Walker’s lieutenant governor, Rebecca Kleefisch, also is on the recall ballot.
Q: Who is likely to win?
Wisconsin has been politically polarized for more than a year and almost all voters have decided how they feel about him. Polls show Walker with a slight lead in the single digits.
This means the outcome of the recall will come down to which side can turn out its vote. Democrats and their allies are most influential in the capital Madison and the largest city of Milwaukee. Walker is strongest in rural areas and the suburbs of Milwaukee.
The nonpartisan agency which runs Wisconsin elections forecasts a turnout of 60 to 65 percent of voting age adults. Political analysts generally agree that Democrats need to push the turnout toward the 69.2 percent level of the 2008 presidential election to overcome Walker’s small poll advantage. Walker won the governor’s race in 2010 with a turnout of only 49.7 percent. The lower the turnout, the better his chances.
Q: Who are the winners and losers in the election?
If Walker wins the big winners would be the governor himself, the Republican party, the Tea Party and other conservatives who supported him.
The big loser would be labor unions.
Walker’s opponent Tom Barrett calls the governor the “Rock Star of the Right.” A victory would vault Walker into the conversation for national office. Walker said on Monday on Fox television that he is not interested in being Republican presidential nominee Mitt Romney’s vice presidential running mate. But he probably would be mentioned as a future president or vice president.
The labor union movement, which launched the recall in the first place, would have spent a year and millions of dollars without success. They might be playing defense around the country as other states tried to follow Wisconsin.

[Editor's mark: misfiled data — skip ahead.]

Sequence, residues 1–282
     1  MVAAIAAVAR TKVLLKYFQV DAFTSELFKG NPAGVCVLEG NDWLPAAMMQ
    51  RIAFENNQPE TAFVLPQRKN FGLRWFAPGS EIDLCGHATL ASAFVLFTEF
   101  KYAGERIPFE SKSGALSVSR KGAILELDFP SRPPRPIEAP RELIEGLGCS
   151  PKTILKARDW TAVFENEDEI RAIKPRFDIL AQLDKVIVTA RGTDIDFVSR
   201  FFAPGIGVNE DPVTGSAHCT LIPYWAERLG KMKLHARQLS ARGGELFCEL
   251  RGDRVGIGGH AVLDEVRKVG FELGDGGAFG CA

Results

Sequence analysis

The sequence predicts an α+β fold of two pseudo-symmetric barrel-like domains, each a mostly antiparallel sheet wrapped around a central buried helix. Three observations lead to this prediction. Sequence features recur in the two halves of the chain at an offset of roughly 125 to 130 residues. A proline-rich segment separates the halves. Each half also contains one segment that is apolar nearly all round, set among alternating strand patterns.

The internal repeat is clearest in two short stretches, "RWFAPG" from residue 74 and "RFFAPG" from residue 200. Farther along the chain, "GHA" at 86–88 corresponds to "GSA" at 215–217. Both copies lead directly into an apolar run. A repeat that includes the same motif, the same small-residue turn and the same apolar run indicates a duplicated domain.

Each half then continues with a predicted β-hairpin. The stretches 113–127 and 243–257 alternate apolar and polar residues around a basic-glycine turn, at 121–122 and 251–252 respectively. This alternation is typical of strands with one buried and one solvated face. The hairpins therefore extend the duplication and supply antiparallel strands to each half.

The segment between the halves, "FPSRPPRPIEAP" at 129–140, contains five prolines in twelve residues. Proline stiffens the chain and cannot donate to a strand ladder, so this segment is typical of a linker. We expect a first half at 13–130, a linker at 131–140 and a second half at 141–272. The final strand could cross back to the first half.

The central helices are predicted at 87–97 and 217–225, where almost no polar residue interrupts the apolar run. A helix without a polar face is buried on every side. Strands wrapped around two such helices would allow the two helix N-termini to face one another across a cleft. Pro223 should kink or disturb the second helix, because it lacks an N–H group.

Walker challenger Barrett would also be a loser. He would return to being Milwaukee mayor but after his third unsuccessful run for governor, his career in statewide politics would probably be over.
Obama might also be considered a loser if Walker survives. There might be grumbling that Obama did not visit Wisconsin to campaign for Barrett. The Wisconsin outcome would be another bit of bad news for the president, who has suffered setbacks recently from poor economic conditions and faces important Supreme Court decisions later this month on his healthcare law and the landmark Arizona immigration law.
If Walker loses, the big winners would be the labor unions, the Democratic party and possibly Obama. Losers would be Walker, the Republican party and its supporters.
A defeated Walker would be a political martyr to conservatives and could hit the Republican speech circuit. But his political career would be seriously compromised.
Victorious labor unions would immediately demand that the new governor Barrett restore their collective bargaining powers.
Obama would be seen as the likely winner in Wisconsin in November, making it harder for Romney to defeat the president.
There would be much questioning in the Republican party whether Walker’s confrontational approach backfired. The defeat of Walker would be a setback for the conservative get-out-the-vote efforts. Critics of Super PACs would point to the massive spending and say that Walker’s loss shows that rich conservatives such as the Koch brothers cannot buy elections.
Compiled by Greg McCune; Editing by Cynthia Osterman